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Electric customers suspicious of 35-day month

A utility company says there's no financial motive behind its 35-day billing cycles but not everyone's convinced.

Published September 28, 2005

I didn't grasp Wanda Fiscus' complaint at first. She didn't like the fact that her latest electric bill from Progress Energy Florida was based on a 35-day "month."

Wanda and her husband, Jack, had been optimistic when they bought a more efficient water heater for their condo in Safety Harbor. They figured it would put a dent in the power bill.

Instead, they got socked with an even bigger one.

I went through the major explanations for the big bills that everybody is getting this summer. Rates are up. Fuel costs are up. There's a hurricane adjustment. And it's hot. People are using more power than they realize.

All true, Wanda agreed. But: What about this 35-day billing cycle?

"That all evens out, doesn't it?" I asked her. "Won't your next bill just be for a few days less?"

Wanda said it still makes a difference. Progress Energy Florida has a two-tiered rate. My own bill shows a rate of 4.813 cents for the first 1,000 kilowatt-hours. Above that, the rate is 5.813 cents, about 21 percent higher. (This doesn't include fuel charges.)

By clumping 35 days into the same "monthly" bill, more electricity gets billed at the higher rate. If the power used during that extra five days had been rolled over into a fresh month, it would have been billed at the lower rate.

I asked: But doesn't that even out, too? Sooner or later there has to be a short "month" to catch up.

She replied: But what if the "long" months tend to be those with peak electric usage, and the "short" months come during milder seasons? Wanda and Jack had looked at their past few bills, and it kind of looked that way to them.

This made me curious, so I looked up my own history. My longest cycles of the past year have been December, January and September, each 33 days long. Maybe it is coincidence they covered the hotter and cooler months.

February's bill covered 29 days, and March's only 28. Then it started picking up again with 31 days in April and May, and 30 days in June and July. One exception to the trend was August, with only 28 days.

C.J. Drake, a spokesman for Progress Energy Florida, explained that there always is going to be some variation in the schedule. Holidays, bad weather and other circumstances interfere with meter-reading. The company tries to stay between 28 and 34 days, he said, but over a year's time it averages to 30 days.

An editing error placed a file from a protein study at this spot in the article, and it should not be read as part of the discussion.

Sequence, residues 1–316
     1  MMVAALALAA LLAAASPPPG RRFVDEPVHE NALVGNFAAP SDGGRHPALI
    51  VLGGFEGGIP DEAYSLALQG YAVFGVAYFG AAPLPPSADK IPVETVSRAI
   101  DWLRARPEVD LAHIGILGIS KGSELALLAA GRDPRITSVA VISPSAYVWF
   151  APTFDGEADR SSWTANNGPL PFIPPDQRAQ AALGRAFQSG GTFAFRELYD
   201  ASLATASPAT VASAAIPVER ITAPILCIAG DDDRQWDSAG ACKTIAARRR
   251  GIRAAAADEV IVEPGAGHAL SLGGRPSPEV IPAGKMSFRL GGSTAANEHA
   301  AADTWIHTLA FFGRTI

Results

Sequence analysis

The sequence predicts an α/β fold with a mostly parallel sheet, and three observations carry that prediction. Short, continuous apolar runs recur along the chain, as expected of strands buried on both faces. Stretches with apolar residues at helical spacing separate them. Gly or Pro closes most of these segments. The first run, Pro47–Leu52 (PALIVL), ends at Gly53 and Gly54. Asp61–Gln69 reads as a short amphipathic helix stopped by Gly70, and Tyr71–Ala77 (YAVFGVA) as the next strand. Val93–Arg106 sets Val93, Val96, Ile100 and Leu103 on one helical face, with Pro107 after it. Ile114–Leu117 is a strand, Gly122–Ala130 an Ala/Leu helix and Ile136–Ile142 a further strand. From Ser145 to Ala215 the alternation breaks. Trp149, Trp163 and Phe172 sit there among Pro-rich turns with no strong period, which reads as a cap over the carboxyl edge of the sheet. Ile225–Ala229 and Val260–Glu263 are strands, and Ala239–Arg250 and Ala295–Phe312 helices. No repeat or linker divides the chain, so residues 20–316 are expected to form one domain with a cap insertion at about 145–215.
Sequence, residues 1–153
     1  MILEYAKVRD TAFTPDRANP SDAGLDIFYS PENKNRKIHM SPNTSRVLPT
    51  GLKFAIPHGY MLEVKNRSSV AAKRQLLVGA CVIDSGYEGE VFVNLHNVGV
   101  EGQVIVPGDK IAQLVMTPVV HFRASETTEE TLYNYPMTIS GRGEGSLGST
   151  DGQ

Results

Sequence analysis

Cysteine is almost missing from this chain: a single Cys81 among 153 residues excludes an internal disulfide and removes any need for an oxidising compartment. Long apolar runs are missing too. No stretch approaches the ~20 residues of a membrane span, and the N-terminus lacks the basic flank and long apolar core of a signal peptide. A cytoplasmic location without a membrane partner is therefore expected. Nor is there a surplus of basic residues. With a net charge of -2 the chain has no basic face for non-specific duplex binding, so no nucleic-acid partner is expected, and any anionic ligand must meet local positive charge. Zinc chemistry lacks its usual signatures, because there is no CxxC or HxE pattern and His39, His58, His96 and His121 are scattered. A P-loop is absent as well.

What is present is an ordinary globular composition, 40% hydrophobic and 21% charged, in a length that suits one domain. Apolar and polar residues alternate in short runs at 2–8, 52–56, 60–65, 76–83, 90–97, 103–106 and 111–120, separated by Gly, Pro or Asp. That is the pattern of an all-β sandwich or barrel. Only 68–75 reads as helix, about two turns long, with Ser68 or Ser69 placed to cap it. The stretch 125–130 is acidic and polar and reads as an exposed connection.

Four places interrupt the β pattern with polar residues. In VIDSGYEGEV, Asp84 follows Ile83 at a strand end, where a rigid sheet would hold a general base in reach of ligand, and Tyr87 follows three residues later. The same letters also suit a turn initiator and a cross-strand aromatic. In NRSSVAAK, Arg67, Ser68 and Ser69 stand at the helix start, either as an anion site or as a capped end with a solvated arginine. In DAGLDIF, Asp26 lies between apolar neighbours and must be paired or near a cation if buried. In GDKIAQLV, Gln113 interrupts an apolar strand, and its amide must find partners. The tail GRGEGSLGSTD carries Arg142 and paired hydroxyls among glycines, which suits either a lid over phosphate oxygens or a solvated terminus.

When I bounced Wanda's concern off him, Drake's first reaction, like mine, was to reckon that everything evens out. But when we went through the time-of-year theory, he thought about it and said, he could see how somebody might bring it up.

"I am sure," Drake said, "that there is no concerted effort or intent by anyone at Progress Energy to do that to get more money." He said Progress is not benefitting financially.

The Public Service Commission has rules for meter reading. Rule 25-6.099 says in part: "Unless special circumstances warrant, meters shall be read at monthly intervals on the approximate corresponding day of each meter-reading period."

Kevin Bloom is the PSC's director of public information. He said that the commission has indeed been getting complaints about varying billing cycles. The utility must respond to each one. Any customer with a complaint, or even just a question, can call 1-800-342-3552.

I checked with Tampa Electric Co. That company's spokesman, Ross Bannister, said Tampa Electric does not use a two-tiered rate. That means even if billing cycles vary, it still evens out over time.

Now, in bringing this up, in no way am I criticizing Progress Energy's employees out on the street, serving the public. Brief variations for holidays and weather certainly are defensible. And if Progress says there is no deliberate strategy to jigger the schedule, then who can say otherwise?

Yet Wanda and Jack Fiscus still have a point. Under this system, the electric company has both a potential benefit from lumping more kilowatt-hours into irregular "months," and control of the means for doing so. Perhaps our friends at the PSC should revisit the rule.

[Last modified September 28, 2005, 19:10:03]

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